The new year is almost here and that means it's time for one of Netflix's ceremonial killing sprees. The streaming service is taking out its big, streamy chainsaw and dicing up some of your favorite films. Come January 1, these classics will be gone. De-Netflixed. De-available from The Big Red Website. So snatch them up and at least pretend to watch them so that you don't look dumb when a bow-tied homosexual approaches you at a New Year's party with his quips about “Kramer Vs. Kramer.” He needs validation and your genuine, informed laughter will appease him.
Here are the 11 most important titles to stream before 2015.
Kate Winslet at her most Alex Kingston. Leonardo DiCaprio at his most Jodie-Foster-at-age-14. Iceberg at its most January Jones.
“12 Angry Men”
Though Henry Fonda is a towering film icon, it is shocking how almost none of his films are discussed anymore. Maybe “The Grapes of Wrath” is sometimes shown in high schools, but otherwise, your only chance at experiencing The First Fonda's legacy is “12 Angry Men.” More compelling as a movie than play, I think. As a play it feels like every sitcom with a hung jury episode, and yes, I'm including “Family Matters.”
“The Grapes of Wrath”
Watch Jane Darwell tear it up as Ma Joad (unless you went to a good high school that already aired this for you).
“Guess Who's Coming to Dinner”
Spencer Tracy and Katharine Hepburn. Sidney Poitier and Katharine Houghton. Tag team deathmatch.
“Big Trouble in Little China”
I think I'm prepared to call it: This is THE most '80s movie of all time. Ripped, rad Kurt Russell. Kim Cattrall as a lithe paramour. Communist intrigue. The phrase “Big Trouble” being used in earnest. It's all here in tight Dungarees.
“The Brady Bunch Movie”
Watch this now. It's important. Seriously up there with “Addams Family Values” in terms of hilarious one-liners in an askew feature adaptation of a '60s TV classic. Weep at the lovely Ann B. Davis cameo.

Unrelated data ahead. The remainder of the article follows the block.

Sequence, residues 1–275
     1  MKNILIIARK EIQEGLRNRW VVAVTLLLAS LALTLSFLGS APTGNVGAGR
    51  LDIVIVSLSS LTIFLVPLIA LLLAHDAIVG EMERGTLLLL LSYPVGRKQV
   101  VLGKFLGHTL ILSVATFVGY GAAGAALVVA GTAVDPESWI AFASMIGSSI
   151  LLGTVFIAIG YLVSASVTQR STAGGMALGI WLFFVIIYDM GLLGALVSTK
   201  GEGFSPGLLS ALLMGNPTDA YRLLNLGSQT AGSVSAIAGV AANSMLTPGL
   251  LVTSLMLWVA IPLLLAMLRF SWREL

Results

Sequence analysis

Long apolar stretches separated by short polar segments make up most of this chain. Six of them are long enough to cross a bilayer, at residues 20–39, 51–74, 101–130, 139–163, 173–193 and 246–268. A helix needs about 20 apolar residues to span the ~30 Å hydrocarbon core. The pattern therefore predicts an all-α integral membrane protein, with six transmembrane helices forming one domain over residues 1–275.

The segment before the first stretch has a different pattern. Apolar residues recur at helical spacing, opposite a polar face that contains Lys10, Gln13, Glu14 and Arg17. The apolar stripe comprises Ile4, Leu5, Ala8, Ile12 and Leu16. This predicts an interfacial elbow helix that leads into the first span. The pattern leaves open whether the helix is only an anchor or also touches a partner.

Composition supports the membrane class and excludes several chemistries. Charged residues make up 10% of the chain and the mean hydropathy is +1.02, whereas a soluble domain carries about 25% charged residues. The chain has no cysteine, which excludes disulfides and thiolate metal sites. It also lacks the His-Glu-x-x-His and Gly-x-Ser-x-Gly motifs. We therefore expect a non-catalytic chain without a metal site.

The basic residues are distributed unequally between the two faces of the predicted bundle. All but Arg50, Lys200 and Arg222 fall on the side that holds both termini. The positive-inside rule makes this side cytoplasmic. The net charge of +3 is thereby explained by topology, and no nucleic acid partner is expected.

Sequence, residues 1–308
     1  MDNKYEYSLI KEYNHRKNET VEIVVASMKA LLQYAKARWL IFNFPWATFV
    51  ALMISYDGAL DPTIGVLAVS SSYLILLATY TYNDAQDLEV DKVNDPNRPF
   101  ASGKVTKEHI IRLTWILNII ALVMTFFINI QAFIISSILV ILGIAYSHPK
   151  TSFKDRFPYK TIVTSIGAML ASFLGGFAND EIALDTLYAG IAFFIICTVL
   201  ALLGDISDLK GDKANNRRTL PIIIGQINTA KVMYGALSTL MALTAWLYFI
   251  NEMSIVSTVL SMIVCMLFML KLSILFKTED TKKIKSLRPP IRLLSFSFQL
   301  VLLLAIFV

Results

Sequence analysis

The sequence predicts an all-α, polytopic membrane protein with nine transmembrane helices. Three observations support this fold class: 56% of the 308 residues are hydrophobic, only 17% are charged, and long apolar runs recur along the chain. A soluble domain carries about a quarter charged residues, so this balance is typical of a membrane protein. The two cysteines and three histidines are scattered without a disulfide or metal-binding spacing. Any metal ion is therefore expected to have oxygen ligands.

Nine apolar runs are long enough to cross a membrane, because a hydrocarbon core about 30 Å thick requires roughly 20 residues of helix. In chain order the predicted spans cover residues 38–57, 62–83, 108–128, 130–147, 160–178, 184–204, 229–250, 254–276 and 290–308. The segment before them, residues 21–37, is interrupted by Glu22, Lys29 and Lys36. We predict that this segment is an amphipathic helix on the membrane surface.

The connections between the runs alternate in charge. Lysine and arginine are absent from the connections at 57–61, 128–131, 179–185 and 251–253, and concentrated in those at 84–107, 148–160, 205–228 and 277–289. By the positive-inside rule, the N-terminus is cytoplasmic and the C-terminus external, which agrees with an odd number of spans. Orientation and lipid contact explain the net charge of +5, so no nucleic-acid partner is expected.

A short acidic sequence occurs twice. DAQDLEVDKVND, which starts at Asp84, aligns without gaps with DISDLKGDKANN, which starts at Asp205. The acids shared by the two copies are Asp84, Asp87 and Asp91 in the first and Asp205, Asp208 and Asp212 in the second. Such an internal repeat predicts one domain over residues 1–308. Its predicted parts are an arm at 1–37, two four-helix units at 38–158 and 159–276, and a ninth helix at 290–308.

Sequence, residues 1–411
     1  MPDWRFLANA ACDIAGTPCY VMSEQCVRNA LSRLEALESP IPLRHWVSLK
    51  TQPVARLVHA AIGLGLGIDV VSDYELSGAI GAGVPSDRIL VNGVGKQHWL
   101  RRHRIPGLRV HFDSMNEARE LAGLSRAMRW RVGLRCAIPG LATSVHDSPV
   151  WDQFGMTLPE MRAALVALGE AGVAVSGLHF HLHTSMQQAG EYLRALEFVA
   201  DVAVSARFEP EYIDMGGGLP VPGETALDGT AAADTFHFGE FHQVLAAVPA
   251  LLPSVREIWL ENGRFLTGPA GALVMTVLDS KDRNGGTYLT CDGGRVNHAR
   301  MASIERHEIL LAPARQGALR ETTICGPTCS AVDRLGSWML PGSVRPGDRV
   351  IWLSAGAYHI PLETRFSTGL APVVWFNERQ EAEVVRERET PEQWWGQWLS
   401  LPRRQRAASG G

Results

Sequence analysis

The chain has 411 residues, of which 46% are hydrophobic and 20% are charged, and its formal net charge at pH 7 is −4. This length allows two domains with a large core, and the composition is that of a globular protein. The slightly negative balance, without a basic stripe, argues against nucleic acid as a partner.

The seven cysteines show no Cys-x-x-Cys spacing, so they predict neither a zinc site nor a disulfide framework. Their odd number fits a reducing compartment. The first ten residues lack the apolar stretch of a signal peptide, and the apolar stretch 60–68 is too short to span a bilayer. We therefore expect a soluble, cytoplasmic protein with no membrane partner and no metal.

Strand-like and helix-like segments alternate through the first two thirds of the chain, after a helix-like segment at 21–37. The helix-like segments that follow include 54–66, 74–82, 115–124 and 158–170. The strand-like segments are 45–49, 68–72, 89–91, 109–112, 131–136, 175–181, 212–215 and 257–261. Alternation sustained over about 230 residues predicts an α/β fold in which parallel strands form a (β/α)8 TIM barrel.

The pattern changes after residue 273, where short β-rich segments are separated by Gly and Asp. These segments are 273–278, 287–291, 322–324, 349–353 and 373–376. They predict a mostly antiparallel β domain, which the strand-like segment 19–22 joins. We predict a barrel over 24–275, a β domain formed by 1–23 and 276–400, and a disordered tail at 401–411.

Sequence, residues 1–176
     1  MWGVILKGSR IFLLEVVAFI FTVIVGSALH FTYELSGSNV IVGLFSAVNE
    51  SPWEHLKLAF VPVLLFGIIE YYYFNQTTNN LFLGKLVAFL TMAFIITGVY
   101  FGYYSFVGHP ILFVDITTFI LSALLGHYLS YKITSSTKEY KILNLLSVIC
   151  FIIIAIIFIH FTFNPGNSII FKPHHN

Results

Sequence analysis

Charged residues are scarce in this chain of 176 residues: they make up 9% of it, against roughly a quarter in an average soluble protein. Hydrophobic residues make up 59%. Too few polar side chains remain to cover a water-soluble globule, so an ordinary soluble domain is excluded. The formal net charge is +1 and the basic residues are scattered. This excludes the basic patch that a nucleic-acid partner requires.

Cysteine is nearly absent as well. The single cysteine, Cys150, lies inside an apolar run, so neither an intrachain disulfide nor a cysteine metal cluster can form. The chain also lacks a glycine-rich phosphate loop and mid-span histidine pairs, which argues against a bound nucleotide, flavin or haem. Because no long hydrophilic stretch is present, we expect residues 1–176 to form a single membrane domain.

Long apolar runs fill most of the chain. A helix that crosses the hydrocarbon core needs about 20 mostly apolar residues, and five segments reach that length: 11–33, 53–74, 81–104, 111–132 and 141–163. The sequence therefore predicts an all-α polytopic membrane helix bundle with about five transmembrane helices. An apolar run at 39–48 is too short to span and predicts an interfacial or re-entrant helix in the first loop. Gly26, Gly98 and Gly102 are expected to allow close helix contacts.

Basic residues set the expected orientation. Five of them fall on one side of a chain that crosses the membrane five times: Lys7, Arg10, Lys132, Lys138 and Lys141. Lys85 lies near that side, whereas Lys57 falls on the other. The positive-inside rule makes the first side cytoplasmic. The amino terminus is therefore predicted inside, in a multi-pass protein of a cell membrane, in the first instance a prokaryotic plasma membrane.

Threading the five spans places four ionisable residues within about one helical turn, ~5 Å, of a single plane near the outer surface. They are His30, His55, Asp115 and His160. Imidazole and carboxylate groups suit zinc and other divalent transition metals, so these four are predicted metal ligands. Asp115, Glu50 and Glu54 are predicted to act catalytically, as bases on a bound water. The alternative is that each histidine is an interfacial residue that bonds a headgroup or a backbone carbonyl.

“The Breakfast Club”
Ally Sheedy is so much better than everyone else in this movie, it is astonishing.
“Kramer vs. Kramer”
This is probably the best-acted '80s TV movie of the 1970s. You read that all correctly. The plot of “Kramer Vs. Kramer” isn't especially novel, but Dustin Hoffman and Meryl Streep are so tender, believably adversarial, and ultimately loving. Meryl deserved the Oscar alone for being chalk-white and daring to wear so much beige. That's called risk-taking, ladies and gentlemen.
“Mr. Smith Goes to Washington”
Another courtroom drama, this one a classic from the magical Oscar year of 1939. I would rank this fifth among the 10 Best Picture nominees. “Gone With the Wind” is #1, “The Wizard of Oz” is #2, “Ninotchka” is #3, the gnarly blindness drama “Dark Victory” lands at #4, and “Mr. Smith” is fifth. Should I see “Stagecoach”? Imagine me watching a John Wayne movie. I just don't know.
Remember when we remade “Carrie” like total jerks? And we told poor Julianne Moore to dress up in her Piper Laurie togs and pretend it's OK? The original “Carrie” is not flawless, but it is certainly the version of Stephen King's classic book you deserve to see. Sissy Spacek > Chloe Grace Moretz, in case you needed that math spelled out to you.
“Boyz 'N the Hood”
This movie is so, so good. And that's all there is to say about that.